Magic In the Other Make Extraordinary Music For All The Right Reasons On Debut LP ‘What We Know Is Possible’ (ALBUM REVIEW)


There is a buzz around the Bay Area and pockets of the country as the release date for Magic In The Other’s (MITO) debut album, What We Know Is Possible, nears its September 14th release. The buzz surrounds a band, comprised of Ezra Lipp on drums, Roger Riedlbauer (Jolie Holland, Mercury Falls) on guitar and Steve Adams (ALO, Nicki Bluhm and the Gramblers) on bass, crackling with creative energy and a new take on familiar sounds. The debut is a gorgeous mix of rock, jazz, and blues that come together in MITO’s own brand of what can correctly be called, “avant-rock.” But it is not just this new style of music that MITO brings to the table, instead it is the amalgam of these players that make the music special.

Helmed by drummer Ezra Lipp, who might be the humblest San Francisco music luminary on the scene, the album has his stamp all over it. Truly, it was Ezra’s vision and thought process, that not only birthed this band but led it down the winding road by which it wends its way today. There is not a selfish bone in the man’s body and he consistently gives himself over to the music and the muse gig after gig. Ezra will be the first to say that MITO’s success is due to the sum of the trio’s talents, but it is important to give Lipp his due. Ezra has played with the very best in the Bay Area music scene (most notably as Phil Lesh’s “go to” drummer with his Phil Lesh and Friends projects as well as 2018’s Tour d’Amour with ALO) but always as a sideman. Now he has his band. Lipp is a drummer that lives out of time, his syncopated beats and inventive rhythms have made him one of the most sought-after musicians on the road but in addition to that, he consistently gives back to his community through his playing, his generosity and his podcast, “The Ezra Lipp Hour (More or Less) that is currently on hiatus for obvious reasons but HIGHLY recommended here because it gives the listener a window into Lipp himself, his influences, the music he loves and the level upon which he operates.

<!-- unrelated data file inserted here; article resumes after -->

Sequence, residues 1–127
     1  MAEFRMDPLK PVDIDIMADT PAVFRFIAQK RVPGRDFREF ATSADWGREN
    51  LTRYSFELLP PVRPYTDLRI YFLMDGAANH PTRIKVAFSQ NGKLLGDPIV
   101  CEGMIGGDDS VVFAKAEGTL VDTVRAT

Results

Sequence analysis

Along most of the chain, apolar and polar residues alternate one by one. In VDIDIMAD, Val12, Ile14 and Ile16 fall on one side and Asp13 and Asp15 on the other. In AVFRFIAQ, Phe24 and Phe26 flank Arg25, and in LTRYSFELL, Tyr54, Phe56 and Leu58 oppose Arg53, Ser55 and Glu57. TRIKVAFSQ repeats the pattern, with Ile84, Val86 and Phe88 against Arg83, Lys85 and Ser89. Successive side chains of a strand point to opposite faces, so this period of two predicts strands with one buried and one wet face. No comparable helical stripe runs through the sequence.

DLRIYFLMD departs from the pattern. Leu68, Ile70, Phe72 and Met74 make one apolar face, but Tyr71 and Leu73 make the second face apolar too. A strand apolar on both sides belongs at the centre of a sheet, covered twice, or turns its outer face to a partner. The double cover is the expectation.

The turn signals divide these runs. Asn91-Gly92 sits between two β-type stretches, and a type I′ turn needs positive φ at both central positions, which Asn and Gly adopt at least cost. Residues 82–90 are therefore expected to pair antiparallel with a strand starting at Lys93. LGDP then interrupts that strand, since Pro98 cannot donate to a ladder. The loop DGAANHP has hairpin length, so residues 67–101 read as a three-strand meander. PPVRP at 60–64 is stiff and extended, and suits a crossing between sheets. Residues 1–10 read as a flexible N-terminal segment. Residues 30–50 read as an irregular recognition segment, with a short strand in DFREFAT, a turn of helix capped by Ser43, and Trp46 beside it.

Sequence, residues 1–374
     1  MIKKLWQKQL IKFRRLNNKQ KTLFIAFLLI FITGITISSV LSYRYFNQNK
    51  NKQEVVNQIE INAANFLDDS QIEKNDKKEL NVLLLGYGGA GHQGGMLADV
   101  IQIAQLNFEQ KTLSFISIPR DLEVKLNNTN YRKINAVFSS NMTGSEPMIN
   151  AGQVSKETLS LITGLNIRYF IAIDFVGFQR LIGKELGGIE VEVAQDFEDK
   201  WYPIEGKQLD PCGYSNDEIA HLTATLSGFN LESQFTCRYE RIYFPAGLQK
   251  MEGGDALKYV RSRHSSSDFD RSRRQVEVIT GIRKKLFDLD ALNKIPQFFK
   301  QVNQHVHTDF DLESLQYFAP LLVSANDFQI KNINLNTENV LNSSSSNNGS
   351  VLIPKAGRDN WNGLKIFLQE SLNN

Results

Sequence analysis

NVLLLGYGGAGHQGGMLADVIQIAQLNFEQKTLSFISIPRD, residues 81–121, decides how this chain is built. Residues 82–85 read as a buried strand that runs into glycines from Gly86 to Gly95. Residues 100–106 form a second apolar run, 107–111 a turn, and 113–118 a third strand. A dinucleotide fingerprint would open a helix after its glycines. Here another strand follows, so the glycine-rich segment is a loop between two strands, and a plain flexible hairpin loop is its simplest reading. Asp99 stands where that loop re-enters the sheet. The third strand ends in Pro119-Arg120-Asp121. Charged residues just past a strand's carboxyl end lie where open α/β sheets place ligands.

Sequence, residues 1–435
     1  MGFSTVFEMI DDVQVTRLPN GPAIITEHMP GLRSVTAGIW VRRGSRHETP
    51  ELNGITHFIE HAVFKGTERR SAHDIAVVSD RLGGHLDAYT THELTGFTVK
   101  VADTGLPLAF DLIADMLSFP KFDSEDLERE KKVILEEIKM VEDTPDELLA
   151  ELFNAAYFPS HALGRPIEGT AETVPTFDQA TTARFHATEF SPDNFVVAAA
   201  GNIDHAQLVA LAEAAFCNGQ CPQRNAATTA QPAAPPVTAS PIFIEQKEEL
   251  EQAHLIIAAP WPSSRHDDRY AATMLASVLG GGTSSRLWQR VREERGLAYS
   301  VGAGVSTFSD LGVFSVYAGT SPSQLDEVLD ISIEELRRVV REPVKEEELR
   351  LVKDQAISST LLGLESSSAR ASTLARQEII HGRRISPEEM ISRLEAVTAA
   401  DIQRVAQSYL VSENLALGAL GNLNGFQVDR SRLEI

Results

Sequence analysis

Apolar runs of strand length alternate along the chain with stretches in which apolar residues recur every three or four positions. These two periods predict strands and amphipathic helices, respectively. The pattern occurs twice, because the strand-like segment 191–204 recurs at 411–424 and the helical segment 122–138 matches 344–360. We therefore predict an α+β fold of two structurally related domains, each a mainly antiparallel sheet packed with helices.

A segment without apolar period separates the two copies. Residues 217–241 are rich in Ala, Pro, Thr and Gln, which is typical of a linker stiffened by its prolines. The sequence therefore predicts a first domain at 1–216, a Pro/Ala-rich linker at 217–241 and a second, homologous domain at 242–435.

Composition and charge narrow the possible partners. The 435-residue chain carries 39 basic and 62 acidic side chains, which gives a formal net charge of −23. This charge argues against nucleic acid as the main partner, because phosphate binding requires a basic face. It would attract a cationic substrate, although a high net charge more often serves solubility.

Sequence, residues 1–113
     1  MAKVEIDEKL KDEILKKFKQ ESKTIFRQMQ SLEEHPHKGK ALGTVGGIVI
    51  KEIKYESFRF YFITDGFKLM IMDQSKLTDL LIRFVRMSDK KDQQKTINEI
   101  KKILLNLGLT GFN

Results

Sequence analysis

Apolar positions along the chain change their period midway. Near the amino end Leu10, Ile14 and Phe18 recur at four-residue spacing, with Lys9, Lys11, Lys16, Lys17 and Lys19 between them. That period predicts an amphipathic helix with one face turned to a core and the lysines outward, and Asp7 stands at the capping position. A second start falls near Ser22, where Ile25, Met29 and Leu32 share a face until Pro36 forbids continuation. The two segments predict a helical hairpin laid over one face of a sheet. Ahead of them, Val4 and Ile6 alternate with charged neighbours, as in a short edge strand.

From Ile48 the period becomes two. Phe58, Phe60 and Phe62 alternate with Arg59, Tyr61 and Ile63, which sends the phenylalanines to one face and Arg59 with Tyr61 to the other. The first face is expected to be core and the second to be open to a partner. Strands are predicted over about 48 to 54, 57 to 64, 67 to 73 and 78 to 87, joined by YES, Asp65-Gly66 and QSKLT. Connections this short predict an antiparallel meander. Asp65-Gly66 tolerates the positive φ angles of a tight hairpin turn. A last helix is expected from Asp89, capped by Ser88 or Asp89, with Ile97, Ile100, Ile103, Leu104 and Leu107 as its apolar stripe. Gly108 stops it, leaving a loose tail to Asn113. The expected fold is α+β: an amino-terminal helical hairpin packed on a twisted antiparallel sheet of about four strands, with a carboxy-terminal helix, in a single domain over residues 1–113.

But this album! When this record was conceived, it is not unfair to say that “songs” were not the band’s focus. Instead, their exciting performances showcased the band’s forays into both orchestrated and improvisational Jazz/groove instrumentals. Tempo shifts, bouncing guitars that could turn to a snarl on a dime, steady, throbbing bass that intermingled with imaginative rhythms sent those who were listening closely into head-nodding ecstasies. This was something different. It was music that had not been yet been seen or heard. It was perhaps a little reminiscent of late nineties KVHW but it progressed well beyond that and therein is the excitement. As the band went into the studio and began laying down tracks for the album, it was clear that there was more on their minds and these thoughts turned to lyrics and lyrics turned to verses and verses turned into songs. Since the 2016 election, America has slid into uncharted territory, climate change is manifesting into disasters that are impacting this country, from east to west and in between, nearly monthly. Instrumentals cannot properly address these times, but words can. So, lyrics were laid atop that tack-sharp instrumentation on about half the tracks on the record, the other half holding space for the outstanding instrumentals that fans have come to love.